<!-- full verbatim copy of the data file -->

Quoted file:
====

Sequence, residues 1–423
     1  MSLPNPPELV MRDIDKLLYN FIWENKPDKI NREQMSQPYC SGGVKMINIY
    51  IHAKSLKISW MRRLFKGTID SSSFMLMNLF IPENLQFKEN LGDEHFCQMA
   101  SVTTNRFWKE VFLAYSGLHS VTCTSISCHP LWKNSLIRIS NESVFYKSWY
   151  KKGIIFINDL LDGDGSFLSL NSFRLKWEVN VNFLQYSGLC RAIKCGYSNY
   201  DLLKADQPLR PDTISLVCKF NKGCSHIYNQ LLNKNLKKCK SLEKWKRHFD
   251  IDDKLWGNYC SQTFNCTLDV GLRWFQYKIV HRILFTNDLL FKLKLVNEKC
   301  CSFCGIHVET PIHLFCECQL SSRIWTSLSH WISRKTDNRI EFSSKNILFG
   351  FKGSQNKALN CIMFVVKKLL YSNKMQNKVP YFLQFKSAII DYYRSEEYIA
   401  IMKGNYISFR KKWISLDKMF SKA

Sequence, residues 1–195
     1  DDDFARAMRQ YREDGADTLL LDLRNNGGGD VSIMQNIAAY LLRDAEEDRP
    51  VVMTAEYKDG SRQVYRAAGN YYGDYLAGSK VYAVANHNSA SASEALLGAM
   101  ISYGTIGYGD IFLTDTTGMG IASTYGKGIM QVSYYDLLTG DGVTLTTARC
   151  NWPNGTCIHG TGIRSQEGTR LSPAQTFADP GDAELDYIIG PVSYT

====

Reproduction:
Sequence, residues 1–423
     1  MSLPNPPELV MRDIDKLLYN FIWENKPDKI NREQMSQPYC SGGVKMINIY
    51  IHAKSLKISW MRRLFKGTID SSSFMLMNLF IPENLQFKEN LGDEHFCQMA
   101  SVTTNRFWKE VFLAYSGLHS VTCTSISCHP LWKNSLIRIS NESVFYKSWY
   151  KKGIIFINDL LDGDGSFLSL NSFRLKWEVN VNFLQYSGLC RAIKCGYSNY
   201  DLLKADQPLR PDTISLVCKF NKGCSHIYNQ LLNKNLKKCK SLEKWKRHFD
   251  IDDKLWGNYC SQTFNCTLDV GLRWFQYKIV HRILFTNDLL FKLKLVNEKC
   301  CSFCGIHVET PIHLFCECQL SSRIWTSLSH WISRKTDNRI EFSSKNILFG
   351  FKGSQNKALN CIMFVVKKLL YSNKMQNKVP YFLQFKSAII DYYRSEEYIA
   401  IMKGNYISFR KKWISLDKMF SKA

Sequence, residues 1–195
     1  DDDFARAMRQ YREDGADTLL LDLRNNGGGD VSIMQNIAAY LLRDAEEDRP
    51  VVMTAEYKDG SRQVYRAAGN YYGDYLAGSK VYAVANHNSA SASEALLGAM
   101  ISYGTIGYGD IFLTDTTGMG IASTYGKGIM QVSYYDLLTG DGVTLTTARC
   151  NWPNGTCIHG TGIRSQEGTR LSPAQTFADP GDAELDYIIG PVSYT